Publication Date


Document Type

Doctoral Dissertation

Academic Program

Immunology and Microbiology


Infectious Diseases and Immunology

First Thesis Advisor

Dr. Beth A. McCormick


Salmonella, Type III Secretion System, Effector Proteins, Bacterial Dissemination


Salmonella enterica serovar Typhimurium (S. Typhimurium) is a Gram-negative facultative anaerobe that induces severe inflammation resulting in gastroenteritis. In the case of S. Typhimurium infection, induction of an inflammatory response has been linked to its primary virulence mechanism, the type III secretion system (T3SS). The T3SS secretes protein effectors that exploit the host’s cell biology to facilitate bacterial entry and intracellular survival, and to modulate the host immune response.

One such effector, SifA, is a bi-functional T3SS effector protein that plays an important role in Salmonella virulence. The N-terminal domain of SifA binds SifA-Kinesin-Interacting-Protein (SKIP), and via an interaction with kinesin, forms tubular membrane extensions called Sif filaments (Sifs) that emanate from the Salmonella Containing Vacuole (SCV). The C-terminal domain of SifA harbors a WxxxE motif that functions to mimic active host cell GTPases. Taken together, SifA functions in inducing endosomal tubulation in order to maintain the integrity of the SCV and promote bacterial dissemination. Since SifA performs multiple, unrelated functions, the objective of this study was to determine how each functional domain of SifA becomes processed.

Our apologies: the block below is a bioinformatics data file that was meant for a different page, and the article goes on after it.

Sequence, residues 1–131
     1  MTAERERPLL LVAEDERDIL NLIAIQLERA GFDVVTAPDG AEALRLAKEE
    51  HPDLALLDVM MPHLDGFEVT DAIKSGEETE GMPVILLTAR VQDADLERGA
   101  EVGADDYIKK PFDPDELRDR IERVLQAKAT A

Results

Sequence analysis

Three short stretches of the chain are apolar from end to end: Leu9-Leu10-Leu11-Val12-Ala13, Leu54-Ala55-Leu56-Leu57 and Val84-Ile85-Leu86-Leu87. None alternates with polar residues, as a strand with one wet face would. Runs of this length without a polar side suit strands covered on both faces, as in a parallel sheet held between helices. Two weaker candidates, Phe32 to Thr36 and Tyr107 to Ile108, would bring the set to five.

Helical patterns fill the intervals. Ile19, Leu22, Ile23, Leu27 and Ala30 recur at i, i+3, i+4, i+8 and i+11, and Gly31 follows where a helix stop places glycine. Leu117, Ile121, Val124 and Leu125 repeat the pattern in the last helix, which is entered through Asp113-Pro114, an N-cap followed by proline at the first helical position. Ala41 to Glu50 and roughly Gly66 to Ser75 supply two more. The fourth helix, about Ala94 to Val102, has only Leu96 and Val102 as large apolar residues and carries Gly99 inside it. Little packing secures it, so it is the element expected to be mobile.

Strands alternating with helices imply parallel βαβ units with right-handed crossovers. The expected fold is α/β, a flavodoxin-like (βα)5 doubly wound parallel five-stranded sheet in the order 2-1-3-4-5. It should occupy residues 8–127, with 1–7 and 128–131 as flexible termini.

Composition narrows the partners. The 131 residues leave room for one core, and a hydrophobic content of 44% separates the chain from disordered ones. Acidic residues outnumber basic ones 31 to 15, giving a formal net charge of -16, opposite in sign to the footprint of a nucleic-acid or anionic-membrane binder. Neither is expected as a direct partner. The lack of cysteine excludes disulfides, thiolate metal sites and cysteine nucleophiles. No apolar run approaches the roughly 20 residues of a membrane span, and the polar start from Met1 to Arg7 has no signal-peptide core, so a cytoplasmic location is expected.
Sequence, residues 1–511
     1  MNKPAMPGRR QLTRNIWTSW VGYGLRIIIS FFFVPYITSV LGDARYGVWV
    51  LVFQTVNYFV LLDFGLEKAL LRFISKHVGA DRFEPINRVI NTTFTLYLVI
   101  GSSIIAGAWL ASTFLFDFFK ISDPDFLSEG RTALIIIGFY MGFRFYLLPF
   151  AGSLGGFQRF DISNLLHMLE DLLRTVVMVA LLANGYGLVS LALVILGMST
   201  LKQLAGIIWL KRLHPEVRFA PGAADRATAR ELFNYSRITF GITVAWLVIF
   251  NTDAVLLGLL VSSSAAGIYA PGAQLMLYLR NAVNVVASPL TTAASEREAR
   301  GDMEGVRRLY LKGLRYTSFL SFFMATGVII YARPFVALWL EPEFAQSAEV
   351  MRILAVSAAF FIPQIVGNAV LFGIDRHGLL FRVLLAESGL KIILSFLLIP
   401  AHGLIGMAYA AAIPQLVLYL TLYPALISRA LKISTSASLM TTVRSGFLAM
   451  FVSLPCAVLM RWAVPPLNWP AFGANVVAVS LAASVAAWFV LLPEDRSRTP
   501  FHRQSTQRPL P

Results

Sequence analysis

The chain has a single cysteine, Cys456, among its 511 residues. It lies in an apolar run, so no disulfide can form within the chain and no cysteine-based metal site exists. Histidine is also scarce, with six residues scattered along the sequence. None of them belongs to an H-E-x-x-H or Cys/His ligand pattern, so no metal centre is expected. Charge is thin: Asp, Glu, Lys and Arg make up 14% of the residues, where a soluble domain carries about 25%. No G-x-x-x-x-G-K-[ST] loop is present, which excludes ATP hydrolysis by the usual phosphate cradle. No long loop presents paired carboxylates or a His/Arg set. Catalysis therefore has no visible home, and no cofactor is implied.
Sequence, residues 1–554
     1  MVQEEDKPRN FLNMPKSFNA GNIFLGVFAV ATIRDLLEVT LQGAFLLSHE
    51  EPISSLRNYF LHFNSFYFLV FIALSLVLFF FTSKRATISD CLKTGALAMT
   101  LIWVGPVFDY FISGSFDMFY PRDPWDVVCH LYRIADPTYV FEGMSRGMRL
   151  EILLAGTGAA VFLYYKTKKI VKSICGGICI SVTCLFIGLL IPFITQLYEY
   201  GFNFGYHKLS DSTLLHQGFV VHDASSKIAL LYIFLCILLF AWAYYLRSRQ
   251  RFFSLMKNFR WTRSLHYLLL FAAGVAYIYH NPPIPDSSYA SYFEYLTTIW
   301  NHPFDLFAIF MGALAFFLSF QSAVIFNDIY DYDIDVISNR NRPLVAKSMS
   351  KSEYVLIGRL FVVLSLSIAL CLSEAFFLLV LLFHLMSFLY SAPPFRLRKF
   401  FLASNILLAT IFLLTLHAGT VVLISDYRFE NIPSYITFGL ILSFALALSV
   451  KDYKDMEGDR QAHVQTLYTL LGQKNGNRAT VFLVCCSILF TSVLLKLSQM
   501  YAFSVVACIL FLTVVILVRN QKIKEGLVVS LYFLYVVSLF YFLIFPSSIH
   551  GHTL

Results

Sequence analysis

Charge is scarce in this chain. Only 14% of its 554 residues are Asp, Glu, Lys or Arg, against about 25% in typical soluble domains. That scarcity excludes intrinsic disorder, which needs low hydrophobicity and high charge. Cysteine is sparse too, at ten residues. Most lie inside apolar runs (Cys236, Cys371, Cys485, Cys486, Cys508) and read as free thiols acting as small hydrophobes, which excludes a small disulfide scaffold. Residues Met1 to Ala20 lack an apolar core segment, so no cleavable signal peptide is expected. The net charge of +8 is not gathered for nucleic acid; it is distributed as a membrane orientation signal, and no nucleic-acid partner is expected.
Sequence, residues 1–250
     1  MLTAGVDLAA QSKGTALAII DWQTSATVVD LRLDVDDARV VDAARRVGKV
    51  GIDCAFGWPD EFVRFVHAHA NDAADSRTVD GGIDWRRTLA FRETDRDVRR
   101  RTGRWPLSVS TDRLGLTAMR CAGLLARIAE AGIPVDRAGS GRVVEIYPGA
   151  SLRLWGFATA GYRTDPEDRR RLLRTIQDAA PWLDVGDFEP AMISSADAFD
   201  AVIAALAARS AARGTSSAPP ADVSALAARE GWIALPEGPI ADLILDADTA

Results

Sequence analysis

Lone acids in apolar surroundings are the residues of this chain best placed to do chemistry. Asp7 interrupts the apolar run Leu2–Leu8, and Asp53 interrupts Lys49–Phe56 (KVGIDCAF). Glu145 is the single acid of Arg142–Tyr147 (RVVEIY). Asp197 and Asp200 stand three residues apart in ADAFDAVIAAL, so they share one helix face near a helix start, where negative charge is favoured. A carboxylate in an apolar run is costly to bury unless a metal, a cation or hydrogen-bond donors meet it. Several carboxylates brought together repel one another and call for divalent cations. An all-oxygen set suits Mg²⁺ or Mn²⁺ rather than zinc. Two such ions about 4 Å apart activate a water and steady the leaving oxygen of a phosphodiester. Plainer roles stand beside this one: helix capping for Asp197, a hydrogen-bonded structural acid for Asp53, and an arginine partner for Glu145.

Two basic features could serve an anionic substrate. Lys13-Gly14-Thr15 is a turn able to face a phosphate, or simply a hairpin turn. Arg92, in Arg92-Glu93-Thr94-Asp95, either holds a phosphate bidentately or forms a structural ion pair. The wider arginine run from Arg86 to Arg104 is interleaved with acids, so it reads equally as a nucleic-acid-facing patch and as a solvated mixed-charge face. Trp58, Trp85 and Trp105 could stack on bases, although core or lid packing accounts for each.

In the present study, we demonstrate that a linker region containing a caspase-3 cleavage motif separates the two functional domains of SifA. To test the hypothesis that processing of SifA by caspase-3 at this particular site is required for function and proper localization of the effector protein domains, we developed two tracking methods to analyze the intracellular localization of SifA. We first adapted a fluorescent tag called phiLOV that allowed for T3SS mediated delivery of SifA and observation of its intracellular colocalization with caspase-3. Additionally, we created a dual-tagging strategy that permitted tracking of each of the SifA functional domains following caspase-3 cleavage to different subcellular locations. The results of this study reveal that caspase-3 cleavage of SifA is required for the proper localization of functional domains and bacterial dissemination. Considering the importance of these events in Salmonella pathogenesis, we conclude that caspase-3 cleavage of effector proteins is a more broadly applicable effector processing mechanism utilized by Salmonella to invade and persist during infection.



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